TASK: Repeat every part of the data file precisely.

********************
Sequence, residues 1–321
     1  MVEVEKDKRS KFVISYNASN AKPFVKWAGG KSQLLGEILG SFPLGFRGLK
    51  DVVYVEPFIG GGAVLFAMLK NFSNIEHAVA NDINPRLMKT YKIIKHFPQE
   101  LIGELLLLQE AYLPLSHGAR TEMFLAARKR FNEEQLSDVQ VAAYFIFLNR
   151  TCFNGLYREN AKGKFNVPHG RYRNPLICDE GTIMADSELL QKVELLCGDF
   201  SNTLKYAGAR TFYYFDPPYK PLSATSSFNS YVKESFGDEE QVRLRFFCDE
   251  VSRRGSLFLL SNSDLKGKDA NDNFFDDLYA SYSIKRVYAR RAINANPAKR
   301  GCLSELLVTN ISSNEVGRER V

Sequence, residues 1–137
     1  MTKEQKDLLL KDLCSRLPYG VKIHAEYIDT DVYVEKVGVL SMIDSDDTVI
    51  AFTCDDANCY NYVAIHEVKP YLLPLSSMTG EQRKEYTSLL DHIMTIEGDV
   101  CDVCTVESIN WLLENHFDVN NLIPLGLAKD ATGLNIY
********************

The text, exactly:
Sequence, residues 1–321
     1  MVEVEKDKRS KFVISYNASN AKPFVKWAGG KSQLLGEILG SFPLGFRGLK
    51  DVVYVEPFIG GGAVLFAMLK NFSNIEHAVA NDINPRLMKT YKIIKHFPQE
   101  LIGELLLLQE AYLPLSHGAR TEMFLAARKR FNEEQLSDVQ VAAYFIFLNR
   151  TCFNGLYREN AKGKFNVPHG RYRNPLICDE GTIMADSELL QKVELLCGDF
   201  SNTLKYAGAR TFYYFDPPYK PLSATSSFNS YVKESFGDEE QVRLRFFCDE
   251  VSRRGSLFLL SNSDLKGKDA NDNFFDDLYA SYSIKRVYAR RAINANPAKR
   301  GCLSELLVTN ISSNEVGRER V

Sequence, residues 1–137
     1  MTKEQKDLLL KDLCSRLPYG VKIHAEYIDT DVYVEKVGVL SMIDSDDTVI
    51  AFTCDDANCY NYVAIHEVKP YLLPLSSMTG EQRKEYTSLL DHIMTIEGDV
   101  CDVCTVESIN WLLENHFDVN NLIPLGLAKD ATGLNIY